3. Randy says:

    It is becoming more apparent by the day that you need to have more than one income stream to survive in this economy. The days of having a secure corporate job is a thing of the past.

    I have been encouraging my son, who is still in high school, to think about pursuing a career that allows him to work for himself. He needs to be independent of government and corporate control as much as possible. The problem is, it seems that the present administration is hostile to entrepreneurship. If that is the case then we are indeed headed for a bigger crash.

  4. mattbg says:

    Randy, that reminds me of the great Mark Steyn line about how, while Obama would talk to Iran without preconditions, never again would he talk to Joe the Plumber without preconditions 🙂

  5. Brad says:

    I have to say that there are a lot of people falling into victim like thinking. While it has rained for a long time (the southern Appalachians are a temperate rain forest) the sun does come out again, like today. What I love about the folks here in Appalachia is their resiliency. Years before moving here myself and that was 12 years ago a fella told me, “don’t expect to get all your money from one source”. What wonderful advice that is. In investments we’re always told to diversify. So why not do that with the most precious thing we have, our time and energy. Folks here have been through more economic ups and down and hard times than most, and they’ve learned to roll with it, like the coming and going of the seasons, the heavy rains and the droughts. The folks here that I know aren’t waiting for someone else to create a job for them. If they don’t have one they will get busy providing for themselves and families any way they can, knowing that if something goes wrong and they should fall flat, that it’s nobody’s fault but their own.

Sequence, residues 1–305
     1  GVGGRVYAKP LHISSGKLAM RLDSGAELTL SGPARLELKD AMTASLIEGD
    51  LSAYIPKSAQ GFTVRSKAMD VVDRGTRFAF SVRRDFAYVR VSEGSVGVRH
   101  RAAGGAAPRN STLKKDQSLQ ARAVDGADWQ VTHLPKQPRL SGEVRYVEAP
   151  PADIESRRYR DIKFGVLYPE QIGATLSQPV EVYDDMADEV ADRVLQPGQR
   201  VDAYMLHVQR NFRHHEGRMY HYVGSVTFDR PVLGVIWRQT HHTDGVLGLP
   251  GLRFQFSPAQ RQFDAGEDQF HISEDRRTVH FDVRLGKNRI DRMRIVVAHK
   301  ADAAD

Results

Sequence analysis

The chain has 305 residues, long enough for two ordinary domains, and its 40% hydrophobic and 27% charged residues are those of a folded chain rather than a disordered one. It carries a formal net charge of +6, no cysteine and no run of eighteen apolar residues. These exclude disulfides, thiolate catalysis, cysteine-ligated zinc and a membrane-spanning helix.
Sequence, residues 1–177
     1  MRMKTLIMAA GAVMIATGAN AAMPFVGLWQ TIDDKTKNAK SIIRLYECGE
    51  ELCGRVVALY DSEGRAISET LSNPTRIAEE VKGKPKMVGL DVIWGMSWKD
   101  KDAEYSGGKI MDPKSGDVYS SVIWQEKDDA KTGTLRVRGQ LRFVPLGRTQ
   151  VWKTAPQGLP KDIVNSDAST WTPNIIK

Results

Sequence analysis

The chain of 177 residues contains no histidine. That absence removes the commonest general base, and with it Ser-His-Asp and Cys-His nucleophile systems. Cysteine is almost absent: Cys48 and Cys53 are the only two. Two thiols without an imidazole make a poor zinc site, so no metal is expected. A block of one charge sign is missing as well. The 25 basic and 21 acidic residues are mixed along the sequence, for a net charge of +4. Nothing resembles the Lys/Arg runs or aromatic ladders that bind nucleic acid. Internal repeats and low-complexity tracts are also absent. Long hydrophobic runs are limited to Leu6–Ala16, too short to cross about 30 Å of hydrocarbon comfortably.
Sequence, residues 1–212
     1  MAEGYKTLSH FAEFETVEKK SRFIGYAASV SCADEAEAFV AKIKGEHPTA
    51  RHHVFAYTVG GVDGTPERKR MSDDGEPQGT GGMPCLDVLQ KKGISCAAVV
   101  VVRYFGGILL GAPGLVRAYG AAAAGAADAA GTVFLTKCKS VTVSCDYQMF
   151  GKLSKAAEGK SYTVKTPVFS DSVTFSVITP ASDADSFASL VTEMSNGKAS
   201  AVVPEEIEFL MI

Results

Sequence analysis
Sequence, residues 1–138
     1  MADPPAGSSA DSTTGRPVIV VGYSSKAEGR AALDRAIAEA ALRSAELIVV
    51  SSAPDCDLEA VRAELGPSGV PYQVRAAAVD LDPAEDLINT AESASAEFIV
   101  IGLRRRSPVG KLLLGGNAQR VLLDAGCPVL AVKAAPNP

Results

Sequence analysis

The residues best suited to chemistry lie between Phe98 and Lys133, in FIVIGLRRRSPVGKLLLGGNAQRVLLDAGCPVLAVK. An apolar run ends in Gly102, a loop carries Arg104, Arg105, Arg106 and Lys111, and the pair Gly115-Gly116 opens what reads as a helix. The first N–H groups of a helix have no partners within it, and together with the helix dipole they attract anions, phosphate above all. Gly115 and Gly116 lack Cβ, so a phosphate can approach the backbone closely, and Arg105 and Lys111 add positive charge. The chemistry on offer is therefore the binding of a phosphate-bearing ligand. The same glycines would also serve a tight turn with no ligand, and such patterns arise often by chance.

6. Randy says:

    Brad, what a great point. We’ve all had it drilled into us for years to diversify our investments but what about our income? The people that I know that have managed to do this are much more creative and resilient. They aren’t looking to government for help every time there is a down turn.